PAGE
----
salaries by working extra hours or shifts. The effects on patient care, however, are unknown.

The use of overtime, whether mandatory or voluntary, to cope with staffing shortages is quite common in hospital and nursing home settings. Interviews with staff members who worked at 17 nursing homes studied by Louwe and Kramer (2001) revealed that in 13 of the 17 facilities, at least one nursing staff member, and usually more, had worked between one and three double (16-hour) shifts during the previous 7 days. In 5 of the facilities, at least one staff member had worked four to seven double shifts in the last seven days. And in one facility, more than one-third of the nursing staff had worked between eight and eleven double shifts in the past 14 days. Although all direct-care nursing staff (RNs, licensed practical nurses [LPNs]/ licensed vocational nurses [LVNs] and nursing assistants) worked extra hours, the majority of double shifts were worked by nursing assistants.

Anecdotal evidence suggests that hospital nurses are also working large amounts of overtime because of short staffing. Nurses continue to report working over 13 hours with only a 20-minute break (Northcott, 1995), and working “four eight hour shifts in two days—32 hours during a 40-hour stretch, leaving the hospital only once for an eight-hour break” (CNA, 2001a). A recent poll conducted by the American Association of Critical Care Nurses (AACCN) indicated that the use of mandatory overtime is also quite common in the United States (AACCN, 2001). Only 40 percent of 2,125 respondents had never been required to work mandatory overtime. Approximately one-third (31 percent) reported working mandatory overtime at least once a month, another 22 percent at least once every 2 weeks, and 7 percent (n = 149) at least once a week. Another poll conducted by the American Nurses Association showed similar results: approximately 60 percent of respondents (n = 4,258) reported being forced to work voluntary overtime (ANA, 2001).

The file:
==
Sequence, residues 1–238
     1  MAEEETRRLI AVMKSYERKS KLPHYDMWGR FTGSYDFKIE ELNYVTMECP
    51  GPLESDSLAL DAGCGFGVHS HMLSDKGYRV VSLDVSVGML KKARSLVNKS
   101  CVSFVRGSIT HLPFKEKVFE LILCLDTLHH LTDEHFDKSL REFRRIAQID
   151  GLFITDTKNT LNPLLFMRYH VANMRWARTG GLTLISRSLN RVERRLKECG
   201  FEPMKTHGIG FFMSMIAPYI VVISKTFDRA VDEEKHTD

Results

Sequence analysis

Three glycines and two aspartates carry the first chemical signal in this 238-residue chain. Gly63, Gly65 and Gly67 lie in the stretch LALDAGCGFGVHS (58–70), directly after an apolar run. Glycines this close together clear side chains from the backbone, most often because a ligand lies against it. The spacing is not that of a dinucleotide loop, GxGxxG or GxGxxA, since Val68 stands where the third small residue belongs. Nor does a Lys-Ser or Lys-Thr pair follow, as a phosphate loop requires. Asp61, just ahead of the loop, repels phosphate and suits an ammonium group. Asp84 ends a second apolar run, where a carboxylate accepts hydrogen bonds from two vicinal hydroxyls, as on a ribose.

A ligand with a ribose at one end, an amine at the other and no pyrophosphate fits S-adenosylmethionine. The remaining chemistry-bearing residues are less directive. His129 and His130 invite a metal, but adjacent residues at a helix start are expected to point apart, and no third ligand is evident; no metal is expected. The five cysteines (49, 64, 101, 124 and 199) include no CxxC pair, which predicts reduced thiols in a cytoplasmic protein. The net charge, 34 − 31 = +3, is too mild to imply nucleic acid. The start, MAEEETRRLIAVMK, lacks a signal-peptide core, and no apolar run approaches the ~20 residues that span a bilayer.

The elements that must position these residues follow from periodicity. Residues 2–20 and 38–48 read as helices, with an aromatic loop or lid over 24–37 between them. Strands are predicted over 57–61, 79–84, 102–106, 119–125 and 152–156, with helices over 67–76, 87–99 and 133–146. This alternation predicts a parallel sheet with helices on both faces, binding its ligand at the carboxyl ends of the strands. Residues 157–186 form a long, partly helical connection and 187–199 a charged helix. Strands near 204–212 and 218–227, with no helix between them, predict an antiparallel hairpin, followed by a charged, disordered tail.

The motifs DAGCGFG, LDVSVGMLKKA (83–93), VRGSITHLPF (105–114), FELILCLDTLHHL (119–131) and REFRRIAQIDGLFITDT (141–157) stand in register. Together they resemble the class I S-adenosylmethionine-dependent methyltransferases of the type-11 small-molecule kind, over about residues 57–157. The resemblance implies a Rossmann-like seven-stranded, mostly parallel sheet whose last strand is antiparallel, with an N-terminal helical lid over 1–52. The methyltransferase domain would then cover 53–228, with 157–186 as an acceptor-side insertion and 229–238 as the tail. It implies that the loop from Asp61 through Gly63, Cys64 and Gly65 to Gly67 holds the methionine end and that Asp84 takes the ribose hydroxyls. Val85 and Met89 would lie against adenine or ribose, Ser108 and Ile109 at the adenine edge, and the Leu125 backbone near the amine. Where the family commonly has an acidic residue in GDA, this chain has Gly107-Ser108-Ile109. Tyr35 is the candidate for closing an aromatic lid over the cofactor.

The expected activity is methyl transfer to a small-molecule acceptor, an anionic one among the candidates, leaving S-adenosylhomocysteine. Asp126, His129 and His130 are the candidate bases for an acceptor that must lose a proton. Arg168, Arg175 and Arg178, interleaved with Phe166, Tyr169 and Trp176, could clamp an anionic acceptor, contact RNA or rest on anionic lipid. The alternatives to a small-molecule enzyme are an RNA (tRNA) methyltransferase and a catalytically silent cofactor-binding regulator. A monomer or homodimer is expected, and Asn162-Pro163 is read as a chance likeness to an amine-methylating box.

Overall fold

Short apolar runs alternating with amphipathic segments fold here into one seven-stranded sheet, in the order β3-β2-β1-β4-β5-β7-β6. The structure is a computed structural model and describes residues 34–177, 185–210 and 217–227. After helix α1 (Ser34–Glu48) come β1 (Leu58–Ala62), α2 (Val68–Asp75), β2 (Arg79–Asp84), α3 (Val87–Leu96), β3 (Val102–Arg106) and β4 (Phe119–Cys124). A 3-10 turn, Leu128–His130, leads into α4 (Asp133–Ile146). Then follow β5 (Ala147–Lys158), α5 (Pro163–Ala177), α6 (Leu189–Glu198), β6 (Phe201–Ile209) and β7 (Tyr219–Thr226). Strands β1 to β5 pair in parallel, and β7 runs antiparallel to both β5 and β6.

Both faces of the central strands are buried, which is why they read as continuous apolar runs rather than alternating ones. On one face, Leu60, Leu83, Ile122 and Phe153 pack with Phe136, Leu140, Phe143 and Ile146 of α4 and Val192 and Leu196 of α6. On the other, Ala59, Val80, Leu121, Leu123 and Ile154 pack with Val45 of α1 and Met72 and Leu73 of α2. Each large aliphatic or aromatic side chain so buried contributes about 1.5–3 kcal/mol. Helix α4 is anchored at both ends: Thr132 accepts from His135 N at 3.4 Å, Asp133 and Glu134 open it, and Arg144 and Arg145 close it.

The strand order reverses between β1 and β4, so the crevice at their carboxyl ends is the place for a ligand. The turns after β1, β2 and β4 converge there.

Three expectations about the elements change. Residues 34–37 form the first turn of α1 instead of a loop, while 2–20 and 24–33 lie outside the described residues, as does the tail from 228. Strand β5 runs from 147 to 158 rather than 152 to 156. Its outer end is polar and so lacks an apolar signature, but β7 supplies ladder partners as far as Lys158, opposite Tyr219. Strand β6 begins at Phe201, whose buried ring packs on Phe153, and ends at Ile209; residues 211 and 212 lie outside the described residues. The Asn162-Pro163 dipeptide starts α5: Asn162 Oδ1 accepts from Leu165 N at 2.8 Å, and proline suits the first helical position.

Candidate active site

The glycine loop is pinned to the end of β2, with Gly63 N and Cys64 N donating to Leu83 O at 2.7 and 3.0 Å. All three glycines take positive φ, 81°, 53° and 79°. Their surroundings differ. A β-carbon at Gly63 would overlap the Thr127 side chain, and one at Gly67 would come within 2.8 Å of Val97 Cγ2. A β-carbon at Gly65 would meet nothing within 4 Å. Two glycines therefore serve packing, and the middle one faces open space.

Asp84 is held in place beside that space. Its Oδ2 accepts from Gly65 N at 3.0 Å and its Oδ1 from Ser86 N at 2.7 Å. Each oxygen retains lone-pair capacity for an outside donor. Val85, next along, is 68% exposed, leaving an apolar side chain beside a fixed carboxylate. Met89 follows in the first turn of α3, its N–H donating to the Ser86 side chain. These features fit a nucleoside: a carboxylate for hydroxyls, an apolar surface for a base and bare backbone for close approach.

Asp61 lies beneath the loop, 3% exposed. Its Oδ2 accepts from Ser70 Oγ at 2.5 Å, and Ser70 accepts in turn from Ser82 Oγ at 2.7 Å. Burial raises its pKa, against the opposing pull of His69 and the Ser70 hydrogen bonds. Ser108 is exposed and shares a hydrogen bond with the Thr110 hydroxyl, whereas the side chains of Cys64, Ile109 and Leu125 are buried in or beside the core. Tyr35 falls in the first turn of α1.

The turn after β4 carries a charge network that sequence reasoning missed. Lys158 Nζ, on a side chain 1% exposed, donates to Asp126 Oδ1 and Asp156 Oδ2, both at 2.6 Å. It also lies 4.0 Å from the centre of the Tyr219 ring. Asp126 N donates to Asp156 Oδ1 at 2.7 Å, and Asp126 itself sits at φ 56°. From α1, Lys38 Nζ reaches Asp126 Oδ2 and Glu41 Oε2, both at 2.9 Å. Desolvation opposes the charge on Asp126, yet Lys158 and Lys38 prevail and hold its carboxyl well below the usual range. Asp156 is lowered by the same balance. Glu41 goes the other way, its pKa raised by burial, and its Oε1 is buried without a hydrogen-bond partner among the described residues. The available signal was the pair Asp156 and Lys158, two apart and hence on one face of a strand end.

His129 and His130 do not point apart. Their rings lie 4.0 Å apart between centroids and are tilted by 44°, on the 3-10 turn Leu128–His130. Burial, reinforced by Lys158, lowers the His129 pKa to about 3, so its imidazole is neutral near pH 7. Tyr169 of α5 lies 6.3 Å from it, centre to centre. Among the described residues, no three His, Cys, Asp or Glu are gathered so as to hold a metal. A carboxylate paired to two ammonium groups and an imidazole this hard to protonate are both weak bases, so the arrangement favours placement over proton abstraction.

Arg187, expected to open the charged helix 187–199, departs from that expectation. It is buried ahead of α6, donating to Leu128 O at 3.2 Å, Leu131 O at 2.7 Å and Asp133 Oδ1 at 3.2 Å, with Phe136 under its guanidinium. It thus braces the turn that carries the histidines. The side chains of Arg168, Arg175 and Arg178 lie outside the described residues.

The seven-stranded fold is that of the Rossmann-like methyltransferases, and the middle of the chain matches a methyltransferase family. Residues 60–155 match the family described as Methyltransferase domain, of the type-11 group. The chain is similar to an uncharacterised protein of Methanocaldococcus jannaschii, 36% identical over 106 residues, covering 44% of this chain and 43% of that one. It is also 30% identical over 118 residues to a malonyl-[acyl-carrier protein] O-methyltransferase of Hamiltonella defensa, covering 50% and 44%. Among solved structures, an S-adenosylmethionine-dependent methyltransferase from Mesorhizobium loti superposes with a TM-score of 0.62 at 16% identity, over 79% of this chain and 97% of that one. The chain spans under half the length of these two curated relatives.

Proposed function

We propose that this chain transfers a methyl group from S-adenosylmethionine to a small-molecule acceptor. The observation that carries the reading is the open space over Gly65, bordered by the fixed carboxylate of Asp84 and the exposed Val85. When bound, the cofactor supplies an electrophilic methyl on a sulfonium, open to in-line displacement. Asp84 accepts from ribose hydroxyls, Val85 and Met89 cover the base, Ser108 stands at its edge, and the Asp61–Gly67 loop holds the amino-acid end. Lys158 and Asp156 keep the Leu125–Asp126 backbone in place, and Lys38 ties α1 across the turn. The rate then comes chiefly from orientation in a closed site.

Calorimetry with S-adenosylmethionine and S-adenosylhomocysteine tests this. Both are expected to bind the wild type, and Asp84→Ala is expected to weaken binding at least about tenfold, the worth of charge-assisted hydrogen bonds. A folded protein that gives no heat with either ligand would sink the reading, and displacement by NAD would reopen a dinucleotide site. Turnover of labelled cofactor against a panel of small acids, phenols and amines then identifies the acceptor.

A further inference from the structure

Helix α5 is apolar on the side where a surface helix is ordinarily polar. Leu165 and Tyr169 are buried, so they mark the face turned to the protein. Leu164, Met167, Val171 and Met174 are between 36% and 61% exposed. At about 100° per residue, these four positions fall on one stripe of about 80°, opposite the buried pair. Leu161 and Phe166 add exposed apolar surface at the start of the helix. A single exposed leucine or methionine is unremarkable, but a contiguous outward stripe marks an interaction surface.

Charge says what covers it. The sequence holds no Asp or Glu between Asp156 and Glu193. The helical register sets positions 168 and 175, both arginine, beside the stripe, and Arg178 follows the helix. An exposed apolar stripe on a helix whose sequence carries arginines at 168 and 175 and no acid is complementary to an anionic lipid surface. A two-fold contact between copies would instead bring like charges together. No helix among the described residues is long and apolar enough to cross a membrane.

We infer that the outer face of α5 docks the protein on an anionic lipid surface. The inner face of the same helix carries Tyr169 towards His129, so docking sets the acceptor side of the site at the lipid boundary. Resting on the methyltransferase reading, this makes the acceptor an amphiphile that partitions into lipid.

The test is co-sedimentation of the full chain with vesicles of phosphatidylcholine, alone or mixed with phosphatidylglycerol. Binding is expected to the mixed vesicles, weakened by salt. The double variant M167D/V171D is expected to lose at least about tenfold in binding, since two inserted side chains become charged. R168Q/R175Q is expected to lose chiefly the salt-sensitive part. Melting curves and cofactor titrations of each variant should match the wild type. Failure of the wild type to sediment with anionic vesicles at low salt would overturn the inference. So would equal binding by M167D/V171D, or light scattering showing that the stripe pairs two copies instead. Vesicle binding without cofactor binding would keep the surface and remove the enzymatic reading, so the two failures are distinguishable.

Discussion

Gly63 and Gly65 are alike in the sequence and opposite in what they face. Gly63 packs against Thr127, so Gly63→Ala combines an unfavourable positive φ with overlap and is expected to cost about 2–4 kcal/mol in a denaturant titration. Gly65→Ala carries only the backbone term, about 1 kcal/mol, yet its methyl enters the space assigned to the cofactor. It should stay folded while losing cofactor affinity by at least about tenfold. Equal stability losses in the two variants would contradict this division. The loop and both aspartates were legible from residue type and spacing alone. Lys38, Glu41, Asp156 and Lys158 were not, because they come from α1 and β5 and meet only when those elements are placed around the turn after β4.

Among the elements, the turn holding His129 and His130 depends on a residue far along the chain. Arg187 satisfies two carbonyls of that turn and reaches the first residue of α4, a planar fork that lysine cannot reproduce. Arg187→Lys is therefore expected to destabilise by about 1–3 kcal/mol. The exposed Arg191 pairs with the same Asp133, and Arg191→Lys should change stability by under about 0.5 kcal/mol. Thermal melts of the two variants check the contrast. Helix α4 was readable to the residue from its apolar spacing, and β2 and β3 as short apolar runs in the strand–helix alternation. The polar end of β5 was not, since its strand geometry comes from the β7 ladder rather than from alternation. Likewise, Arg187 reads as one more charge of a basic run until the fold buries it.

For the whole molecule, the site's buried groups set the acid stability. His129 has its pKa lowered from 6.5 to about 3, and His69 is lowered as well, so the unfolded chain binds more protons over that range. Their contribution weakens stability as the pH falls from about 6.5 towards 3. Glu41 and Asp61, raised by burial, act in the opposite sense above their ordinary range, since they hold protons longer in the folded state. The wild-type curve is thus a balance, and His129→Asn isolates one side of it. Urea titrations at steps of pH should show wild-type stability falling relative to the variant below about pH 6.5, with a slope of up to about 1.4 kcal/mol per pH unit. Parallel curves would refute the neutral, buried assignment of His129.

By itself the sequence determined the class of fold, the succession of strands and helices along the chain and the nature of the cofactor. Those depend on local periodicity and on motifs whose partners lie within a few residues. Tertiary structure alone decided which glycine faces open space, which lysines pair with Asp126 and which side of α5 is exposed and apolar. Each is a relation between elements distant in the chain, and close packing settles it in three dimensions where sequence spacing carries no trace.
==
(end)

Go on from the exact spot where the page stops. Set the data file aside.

Decisions about mandatory overtime are usually made at the last minute, and nurses may receive less than 60 minutes’ notice that they will not be allowed to go home at the end of their scheduled shift (author’s unpublished data). No special accommodations are made for nurses working an extra shift; they are simply assigned a group of patients and expected to provide high-quality care with no additional breaks or a chance to take a short nap between shifts (author’s unpublished data). This practice is particularly dangerous when nurses are required to work extra hours at night. Under such conditions, the nurse may have been awake up to 24 hours, working 16 of those hours and often having only a 30- or 60-minute break.

The potential dangers posed by such overtime hours have been clearly documented. For example, the extensive use of overtime has been identified as a contributor to two separate outbreaks of Staphylococcus aureus (Arnow et al., 1982; Russell, et al., 1983). At the time, both hospitals were

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